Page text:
Liddick: Enforce the law, protect our citizens |

Liddick: Enforce the law, protect our citizens

Morgan Liddick

Just when I concluded that the proponents of Referendum O are right that the Colorado initiative and referendum process allows too much tinkering with the constitution, statewide and local laws, something came along that reminded me of why we have them.

Sometimes, citizens are so much smarter than the people who purport to represent them that a way must be preserved to break through the hedges of doubt, fear, favor-trading, inertia and political correctness that protect the pleasant world of power and favor. As is the case with Denver’s citizen initiative I-100, designed to force the Denver police department to impound any car whose driver is found to be without a license or proper insurance.

The initiative proposed a fine and a hefty fee for the release of any vehicle so impounded. If the driver was caught again without license or insurance, the car would be taken away for keeps. And yes, the initiative contained the radioactive phrase “illegal alien.”

Perhaps this was the reason the initiative was denounced by Denver’s political class, from the mayor on down. The city council, with one exception, also expressed revulsion for the measure, which more than one saw as being pointed at Those Who Must Not Be Offended.

The initiative passed by a wide margin in primary voting, but the city attorney announced that, essentially, it would be ignored. After a convoluted feat of verbal legerdemain over the meaning of “may” and “shall,” he let it be known that, despite the obvious intent of the citizens of Denver, the police would have the final decision about whose car got impounded. Given that the police department had already announced that impoundment would be both too expensive and too complicated, this was a decision to nullify the will of the people.

Too expensive? Too complicated? Too insensitive? Excuse me, but when was it decided, and by whom, that expense or the icky problem of offending someone’s sensibilities were excuses for not upholding the law? Driving without a license or insurance is contrary to Colorado statute and as far as I know, there has been no special dispensation for the tender souls of the City of Denver.

And if enforcement of existing law is not enough of an argument in favor of I-100, here are three more: Patricia Guntharp, Debra Serecku, and 3-year-old Marten Kudlis, killed while eating ice cream.

We all know this sickening story: Frances Hernandez, an illegal immigrant who had never been licensed to drive but apparently never lacked for a car, had a long arrest record, many of which involved moving violations. Denver cited him on May 24 and 31, and arrested him on July 18 of this year for driving without a license and resisting arrest, but did not report him to Federal authorities. Instead, they engaged in their usual catch-and-release.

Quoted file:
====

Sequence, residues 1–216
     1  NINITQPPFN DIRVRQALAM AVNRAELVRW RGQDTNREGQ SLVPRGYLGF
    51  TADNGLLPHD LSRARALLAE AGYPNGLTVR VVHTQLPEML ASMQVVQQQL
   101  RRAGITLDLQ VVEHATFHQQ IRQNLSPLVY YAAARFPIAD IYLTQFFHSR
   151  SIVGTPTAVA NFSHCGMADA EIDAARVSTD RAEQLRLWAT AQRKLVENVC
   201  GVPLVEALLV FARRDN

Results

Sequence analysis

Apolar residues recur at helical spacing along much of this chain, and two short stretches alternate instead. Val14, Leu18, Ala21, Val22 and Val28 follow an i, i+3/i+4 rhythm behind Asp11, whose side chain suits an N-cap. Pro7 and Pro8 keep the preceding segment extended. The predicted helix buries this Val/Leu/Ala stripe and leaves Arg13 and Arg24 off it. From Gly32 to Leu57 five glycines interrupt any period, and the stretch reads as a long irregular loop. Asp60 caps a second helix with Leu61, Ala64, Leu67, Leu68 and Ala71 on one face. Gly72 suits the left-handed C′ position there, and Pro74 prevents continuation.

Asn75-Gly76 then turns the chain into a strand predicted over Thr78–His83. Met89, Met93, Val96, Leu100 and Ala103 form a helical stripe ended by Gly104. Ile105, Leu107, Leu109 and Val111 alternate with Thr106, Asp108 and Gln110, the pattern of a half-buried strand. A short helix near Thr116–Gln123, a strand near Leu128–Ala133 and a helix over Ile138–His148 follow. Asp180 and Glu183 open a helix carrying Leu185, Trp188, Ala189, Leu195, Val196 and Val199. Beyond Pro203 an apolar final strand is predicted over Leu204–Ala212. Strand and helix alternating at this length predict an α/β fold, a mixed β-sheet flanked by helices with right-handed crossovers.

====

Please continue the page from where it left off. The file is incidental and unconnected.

The Arapahoe County Sheriff says his staff notified Immigration and Customs Enforcement when they arrested Hernandez in April, but now, no one seems to be able to find the e-mails. Consequently, the parties involved are bickering and finger-pointing. Several other jurisdictions arrested Hernandez as well, with similar results. That is to say, none.

I strongly suspect that if, on each occasion, Mr. Hernandez’ vehicle had been seized and held, his sources would have rapidly dried up. Perhaps he would have been forced to take the bus, and perhaps his victims would be alive today. If the objection to enforcement of the law is expense, we ought to ask the victims’ families what that “perhaps” is worth.

Political leaders should understand that fixing a problem is more important than fixing the blame. But to date, there hasn’t been much of this from the Big Wazoos in the Statehouse, the Governor’s Mansion, the Denver City Council or mayor’s office. Instead of ducking for cover, whining about a lack of resources or squealing that the whole mess is really someone else’s problem, these putative leaders ought to grow a spine and decide to enforce the law, protecting the citizens of this state. Is this not one of the most important functions of government, at whatever level? If so, abrogating this responsibility because someone else, somewhere else is not doing their bit is the ultimate betrayal of the citizens’ trust.

So, enough of the fecklessness of the political class. I-100 ought to be enforced as intended in Denver, and our solons should pass a law extending immediate impoundment penalties throughout Colorado. Put a stop to the truckling. Put an end to political correctness in the application of the law, and to the vote-buying implicit in granting special considerations, or lax treatment. Enforce the law in our state, without fear or favor. Protect our citizens.

Lest another 3-year-old child be killed, while eating ice cream.

Summit County resident Morgan Liddick pens a Tuesday column. E-mail him at Also, comment on this column at

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